Using a double-barreled approach to immunization, scientists have created a combination of vaccines that fends off deadly Ebola virus in monkeys. The new inoculation uses pieces of Ebola DNA both by themselves and in an adenovirus, a virus commonly modified to carry genes.
"This is a good first step," says Paul W.H.I. Parren, an immunologist at the Scripps Research Institute in La Jolla, Calif. It's the first published success in immunizing primates against Ebola, he says.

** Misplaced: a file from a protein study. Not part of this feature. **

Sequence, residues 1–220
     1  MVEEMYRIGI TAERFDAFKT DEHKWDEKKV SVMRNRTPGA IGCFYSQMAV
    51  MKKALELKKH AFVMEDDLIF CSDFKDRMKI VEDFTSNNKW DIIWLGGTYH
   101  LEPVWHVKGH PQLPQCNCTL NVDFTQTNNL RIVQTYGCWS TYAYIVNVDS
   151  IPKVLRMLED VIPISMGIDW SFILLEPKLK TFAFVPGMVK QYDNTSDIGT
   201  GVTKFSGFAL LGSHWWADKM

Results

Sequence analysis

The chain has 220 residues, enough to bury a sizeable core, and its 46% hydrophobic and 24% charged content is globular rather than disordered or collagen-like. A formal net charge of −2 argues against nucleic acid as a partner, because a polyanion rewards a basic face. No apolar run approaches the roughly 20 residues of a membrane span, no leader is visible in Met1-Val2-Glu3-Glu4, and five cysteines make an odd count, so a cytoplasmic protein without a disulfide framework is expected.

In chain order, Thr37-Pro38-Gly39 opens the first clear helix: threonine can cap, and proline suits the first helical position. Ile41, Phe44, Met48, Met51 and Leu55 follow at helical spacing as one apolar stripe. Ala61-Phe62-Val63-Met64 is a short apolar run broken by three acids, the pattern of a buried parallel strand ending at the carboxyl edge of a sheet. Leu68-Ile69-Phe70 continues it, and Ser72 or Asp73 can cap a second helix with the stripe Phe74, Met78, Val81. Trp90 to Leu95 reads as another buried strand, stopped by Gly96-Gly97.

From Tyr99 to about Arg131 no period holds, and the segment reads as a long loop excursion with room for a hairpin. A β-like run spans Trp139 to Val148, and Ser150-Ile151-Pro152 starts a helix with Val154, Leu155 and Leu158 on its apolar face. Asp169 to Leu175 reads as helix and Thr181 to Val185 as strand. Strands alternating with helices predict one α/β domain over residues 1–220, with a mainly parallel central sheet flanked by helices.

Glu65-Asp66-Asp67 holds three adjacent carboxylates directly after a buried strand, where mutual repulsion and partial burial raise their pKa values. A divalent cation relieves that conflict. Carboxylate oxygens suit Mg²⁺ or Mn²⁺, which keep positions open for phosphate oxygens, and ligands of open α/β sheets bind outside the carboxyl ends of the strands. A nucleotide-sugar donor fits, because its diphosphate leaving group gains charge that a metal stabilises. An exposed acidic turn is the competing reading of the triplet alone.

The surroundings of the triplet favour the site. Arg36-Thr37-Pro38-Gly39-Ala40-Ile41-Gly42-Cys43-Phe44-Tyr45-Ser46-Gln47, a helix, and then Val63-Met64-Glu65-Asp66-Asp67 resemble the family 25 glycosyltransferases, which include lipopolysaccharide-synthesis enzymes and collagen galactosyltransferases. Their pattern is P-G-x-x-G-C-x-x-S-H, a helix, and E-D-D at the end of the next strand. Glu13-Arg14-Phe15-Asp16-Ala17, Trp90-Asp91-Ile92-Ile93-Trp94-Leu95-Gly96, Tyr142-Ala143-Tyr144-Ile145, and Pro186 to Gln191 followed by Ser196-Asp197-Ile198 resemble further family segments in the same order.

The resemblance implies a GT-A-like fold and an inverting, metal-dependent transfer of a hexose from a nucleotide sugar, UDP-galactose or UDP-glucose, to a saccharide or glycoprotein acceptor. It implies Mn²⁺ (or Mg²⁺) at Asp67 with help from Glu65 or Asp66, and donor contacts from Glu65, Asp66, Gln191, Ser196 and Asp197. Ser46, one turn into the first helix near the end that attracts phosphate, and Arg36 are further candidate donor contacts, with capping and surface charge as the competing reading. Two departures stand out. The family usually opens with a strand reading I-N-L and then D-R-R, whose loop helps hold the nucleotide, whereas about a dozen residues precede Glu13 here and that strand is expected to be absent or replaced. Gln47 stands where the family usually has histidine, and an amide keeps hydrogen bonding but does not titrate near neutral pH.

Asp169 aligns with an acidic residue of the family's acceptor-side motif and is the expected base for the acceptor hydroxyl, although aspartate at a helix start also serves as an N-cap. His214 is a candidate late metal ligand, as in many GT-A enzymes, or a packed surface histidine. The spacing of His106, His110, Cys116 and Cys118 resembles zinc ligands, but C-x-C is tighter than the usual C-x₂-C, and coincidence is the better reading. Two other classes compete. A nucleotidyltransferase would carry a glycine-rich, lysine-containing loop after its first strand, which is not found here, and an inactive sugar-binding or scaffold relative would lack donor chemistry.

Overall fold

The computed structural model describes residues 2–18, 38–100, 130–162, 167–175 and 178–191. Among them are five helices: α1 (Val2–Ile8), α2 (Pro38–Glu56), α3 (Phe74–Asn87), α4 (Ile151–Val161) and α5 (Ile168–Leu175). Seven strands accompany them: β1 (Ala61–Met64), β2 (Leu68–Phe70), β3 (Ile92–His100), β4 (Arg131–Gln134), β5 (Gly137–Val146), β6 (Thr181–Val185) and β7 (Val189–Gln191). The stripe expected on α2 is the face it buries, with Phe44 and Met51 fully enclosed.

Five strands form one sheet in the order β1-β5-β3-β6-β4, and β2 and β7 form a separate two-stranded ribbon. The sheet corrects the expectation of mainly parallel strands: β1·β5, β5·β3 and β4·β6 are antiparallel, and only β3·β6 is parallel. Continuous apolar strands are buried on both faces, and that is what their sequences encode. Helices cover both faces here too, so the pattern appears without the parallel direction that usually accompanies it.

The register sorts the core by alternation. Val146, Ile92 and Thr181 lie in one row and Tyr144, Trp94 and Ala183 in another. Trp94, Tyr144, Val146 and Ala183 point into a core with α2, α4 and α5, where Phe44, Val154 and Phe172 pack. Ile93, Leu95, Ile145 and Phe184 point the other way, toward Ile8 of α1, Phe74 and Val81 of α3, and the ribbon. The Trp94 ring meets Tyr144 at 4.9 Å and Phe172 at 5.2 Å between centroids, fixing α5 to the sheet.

The vaccine needs more testing before it can be tried in people, says study coauthor Gary J. Nabel, director of the Vaccine Research Center at the National Institutes of Health in Bethesda, Md. But once an Ebola vaccine proves safe for people, he says, health organizations might first give it to workers sent to contain outbreaks—a dangerous job. A reliable vaccine would also provide some peace of mind to researchers, who wear full-body suits when working with the virus in laboratories, Nabel says.
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